Spanish language

Spanish , lit. “Castilian” is the Romance language of a Indo-European language family that evolved from colloquial spoken Latin in the Iberian Peninsula of Europe. Today, it is for a global language with almost 500 million native speakers, mainly in the Americas as living as Spain. Spanish is the official language of 20 countries. this is the the world's second-most spoken native language after Mandarin Chinese; the world's fourth-most spoken language overall after English, Mandarin Chinese, in addition to Hindustani Hindi-Urdu; and the world's almost widely spoken Romance language. The largest population of native speakers is in Mexico.

Spanish is component of the Ibero-Romance chain of languages, which evolved from several dialects of Vulgar Latin in Iberia after the collapse of the Western Roman Empire in the 5th century. The oldest Latin texts with traces of Spanish come from mid-northern Iberia in the 9th century, and the number one systematic written ownership of the language happened in Toledo, a prominent city of the Kingdom of Castile, in the 13th century. Spanish colonialism in the Early contemporary Period spurred on the intro of the language to overseas locations, most notably to the Americas.

As a Romance language, Spanish is a descendant of Latin and has one of the smaller degrees of difference from it about 20% alongside Sardinian and Italian. Around 75% of advanced Spanish vocabulary is derived from Latin, including Latin borrowings from Ancient Greek. Alongside English and French, it is also one of the most taught foreign languages throughout the world. Spanish does non feature prominently as a scientific language; however, it is better represented in areas like humanities and social sciences. Spanish is also the third most used language on internet websites after English and Chinese.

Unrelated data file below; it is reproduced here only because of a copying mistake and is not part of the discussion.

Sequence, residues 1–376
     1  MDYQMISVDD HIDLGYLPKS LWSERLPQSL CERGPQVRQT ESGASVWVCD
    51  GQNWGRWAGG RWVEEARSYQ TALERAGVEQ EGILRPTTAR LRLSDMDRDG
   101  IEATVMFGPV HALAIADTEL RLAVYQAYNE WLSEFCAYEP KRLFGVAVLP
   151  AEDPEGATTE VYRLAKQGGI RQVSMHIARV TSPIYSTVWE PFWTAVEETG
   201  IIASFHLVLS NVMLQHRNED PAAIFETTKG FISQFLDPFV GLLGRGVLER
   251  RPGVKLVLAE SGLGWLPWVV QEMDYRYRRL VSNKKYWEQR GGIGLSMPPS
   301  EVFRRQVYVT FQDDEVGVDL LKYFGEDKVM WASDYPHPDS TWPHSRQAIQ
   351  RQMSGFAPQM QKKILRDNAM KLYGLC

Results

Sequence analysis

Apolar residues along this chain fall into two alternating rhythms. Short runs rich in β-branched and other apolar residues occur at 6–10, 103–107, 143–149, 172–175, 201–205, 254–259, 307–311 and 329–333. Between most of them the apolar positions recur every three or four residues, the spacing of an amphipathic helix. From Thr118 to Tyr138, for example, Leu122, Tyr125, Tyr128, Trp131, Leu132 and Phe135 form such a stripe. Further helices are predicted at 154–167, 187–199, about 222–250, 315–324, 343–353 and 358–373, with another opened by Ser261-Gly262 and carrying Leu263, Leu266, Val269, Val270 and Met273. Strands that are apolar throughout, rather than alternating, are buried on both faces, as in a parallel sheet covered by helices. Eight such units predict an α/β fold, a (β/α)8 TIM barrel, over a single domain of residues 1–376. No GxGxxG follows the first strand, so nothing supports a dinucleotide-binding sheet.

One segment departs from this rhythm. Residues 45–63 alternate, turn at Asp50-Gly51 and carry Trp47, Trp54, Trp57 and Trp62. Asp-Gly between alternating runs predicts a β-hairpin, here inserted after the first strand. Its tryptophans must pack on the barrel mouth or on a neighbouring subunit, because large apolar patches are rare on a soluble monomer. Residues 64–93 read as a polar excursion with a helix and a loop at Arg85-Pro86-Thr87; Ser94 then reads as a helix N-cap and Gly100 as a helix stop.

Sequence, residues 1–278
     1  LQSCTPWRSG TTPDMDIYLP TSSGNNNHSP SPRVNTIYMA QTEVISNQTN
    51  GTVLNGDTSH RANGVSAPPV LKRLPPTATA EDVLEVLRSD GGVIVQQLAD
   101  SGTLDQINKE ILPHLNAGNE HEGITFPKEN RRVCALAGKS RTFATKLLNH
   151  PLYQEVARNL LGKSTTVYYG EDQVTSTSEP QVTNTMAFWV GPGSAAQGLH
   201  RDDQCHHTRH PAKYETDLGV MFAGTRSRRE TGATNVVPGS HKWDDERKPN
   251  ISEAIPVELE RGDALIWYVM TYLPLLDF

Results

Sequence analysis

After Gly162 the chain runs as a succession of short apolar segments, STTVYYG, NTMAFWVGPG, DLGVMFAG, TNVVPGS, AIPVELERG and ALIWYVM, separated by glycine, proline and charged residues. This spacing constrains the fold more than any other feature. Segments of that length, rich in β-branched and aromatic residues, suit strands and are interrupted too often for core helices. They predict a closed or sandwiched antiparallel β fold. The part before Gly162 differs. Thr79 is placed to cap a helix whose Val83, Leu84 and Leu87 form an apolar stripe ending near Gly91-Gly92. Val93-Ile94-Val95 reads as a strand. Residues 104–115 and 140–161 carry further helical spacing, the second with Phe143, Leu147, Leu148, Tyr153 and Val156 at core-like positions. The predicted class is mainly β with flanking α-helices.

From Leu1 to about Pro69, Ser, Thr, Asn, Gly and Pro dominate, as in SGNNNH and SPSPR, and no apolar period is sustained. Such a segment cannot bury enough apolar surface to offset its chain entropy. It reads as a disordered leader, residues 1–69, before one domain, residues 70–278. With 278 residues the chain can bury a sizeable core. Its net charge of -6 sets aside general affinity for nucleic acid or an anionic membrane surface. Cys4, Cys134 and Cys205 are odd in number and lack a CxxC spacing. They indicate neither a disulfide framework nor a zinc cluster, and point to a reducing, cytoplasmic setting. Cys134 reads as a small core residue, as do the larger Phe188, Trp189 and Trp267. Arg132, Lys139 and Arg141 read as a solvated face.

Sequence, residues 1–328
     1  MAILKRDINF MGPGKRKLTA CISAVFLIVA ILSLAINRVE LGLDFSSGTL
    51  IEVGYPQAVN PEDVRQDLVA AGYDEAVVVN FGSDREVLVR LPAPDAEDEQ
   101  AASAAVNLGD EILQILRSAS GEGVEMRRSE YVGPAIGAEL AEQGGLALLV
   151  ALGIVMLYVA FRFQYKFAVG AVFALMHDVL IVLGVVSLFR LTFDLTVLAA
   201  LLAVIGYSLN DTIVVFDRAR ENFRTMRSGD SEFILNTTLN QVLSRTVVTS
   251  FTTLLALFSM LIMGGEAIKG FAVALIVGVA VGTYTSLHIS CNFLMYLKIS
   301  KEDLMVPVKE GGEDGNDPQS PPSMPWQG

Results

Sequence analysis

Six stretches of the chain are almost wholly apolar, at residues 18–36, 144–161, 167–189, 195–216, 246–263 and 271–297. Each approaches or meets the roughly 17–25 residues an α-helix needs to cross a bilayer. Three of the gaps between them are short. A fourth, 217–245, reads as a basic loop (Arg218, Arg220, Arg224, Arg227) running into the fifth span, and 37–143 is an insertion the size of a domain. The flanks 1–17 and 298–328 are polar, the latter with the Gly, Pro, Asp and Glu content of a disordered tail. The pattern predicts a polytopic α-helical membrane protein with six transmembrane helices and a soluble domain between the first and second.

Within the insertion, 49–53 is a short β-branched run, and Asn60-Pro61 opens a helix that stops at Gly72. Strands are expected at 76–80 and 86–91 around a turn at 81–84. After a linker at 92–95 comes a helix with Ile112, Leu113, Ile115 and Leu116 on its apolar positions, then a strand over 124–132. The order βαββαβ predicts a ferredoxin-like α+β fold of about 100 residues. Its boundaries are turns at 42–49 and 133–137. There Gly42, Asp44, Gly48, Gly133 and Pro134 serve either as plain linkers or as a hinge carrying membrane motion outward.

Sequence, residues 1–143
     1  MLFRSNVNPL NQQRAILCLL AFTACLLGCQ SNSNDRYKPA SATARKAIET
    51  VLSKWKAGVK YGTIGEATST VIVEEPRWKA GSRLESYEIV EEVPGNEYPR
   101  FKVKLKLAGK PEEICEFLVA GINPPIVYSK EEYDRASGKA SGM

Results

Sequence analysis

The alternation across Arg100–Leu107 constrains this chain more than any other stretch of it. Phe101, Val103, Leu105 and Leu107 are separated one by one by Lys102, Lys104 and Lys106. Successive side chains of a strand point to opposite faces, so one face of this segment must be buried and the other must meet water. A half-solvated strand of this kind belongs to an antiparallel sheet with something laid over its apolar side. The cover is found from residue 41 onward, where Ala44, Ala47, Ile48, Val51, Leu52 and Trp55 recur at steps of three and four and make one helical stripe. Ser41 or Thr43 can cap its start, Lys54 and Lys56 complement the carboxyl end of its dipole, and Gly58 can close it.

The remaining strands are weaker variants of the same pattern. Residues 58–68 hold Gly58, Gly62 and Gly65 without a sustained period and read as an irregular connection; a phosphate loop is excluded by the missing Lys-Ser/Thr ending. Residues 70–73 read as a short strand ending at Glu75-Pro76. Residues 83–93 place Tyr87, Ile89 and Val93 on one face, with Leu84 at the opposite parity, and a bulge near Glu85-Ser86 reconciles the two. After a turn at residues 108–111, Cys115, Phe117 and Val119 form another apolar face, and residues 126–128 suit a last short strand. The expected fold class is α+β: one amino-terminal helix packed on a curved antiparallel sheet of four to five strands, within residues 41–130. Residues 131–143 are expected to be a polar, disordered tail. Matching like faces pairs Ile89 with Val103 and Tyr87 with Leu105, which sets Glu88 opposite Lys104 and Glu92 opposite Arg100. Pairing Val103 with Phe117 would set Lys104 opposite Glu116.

Spanish is one of the many other international organizations.

Name of the language and etymology

In Spain and in some other parts of the Spanish-speaking world, Spanish is called not only but also Castilian, the language from the kingdom of Castile, contrasting it with other languages spoken in Spain such(a) as Galician, Basque, Asturian, Catalan, Aragonese and Occitan.

The Spanish Constitution of 1978 uses the term to define the official language of the whole Spanish State in contrast to lit. "the other Spanish languages". Article III reads as follows:

Castilian is the official Spanish language of the State. ... The other Spanish languages shall also be official in their respective Autonomous Communities...

The Royal Spanish Academy Real Academia Española, on the other hand, currently uses the term in its publications. However, from 1713 to 1923, it called the language .

The a language support published by the Royal Spanish Academy states that, although the Royal Spanish Academy prefers to ownership the term in its publications when referring to the Spanish language, both terms— and —are regarded as synonymous and equally valid.

The term comes from the Latin word ,[] which means "of or pertaining to a ]

Different etymologies carry on to been suggested for the term Spanish. According to the Royal Spanish Academy, derives from the Provençal word espaignol and that, in turn, derives from the Vulgar Latin . It comes from the Latin defecate of the province of Hispania that specified the current territory of the Iberian Peninsula.

There are other hypotheses except the one suggested by the Royal Spanish Academy. Spanish philologist ]